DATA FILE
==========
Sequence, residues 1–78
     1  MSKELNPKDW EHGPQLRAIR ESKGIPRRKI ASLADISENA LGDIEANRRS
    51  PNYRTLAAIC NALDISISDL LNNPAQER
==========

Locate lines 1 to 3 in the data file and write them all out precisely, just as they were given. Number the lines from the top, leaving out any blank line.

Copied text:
Sequence, residues 1–78
     1  MSKELNPKDW EHGPQLRAIR ESKGIPRRKI ASLADISENA LGDIEANRRS
    51  PNYRTLAAIC NALDISISDL LNNPAQER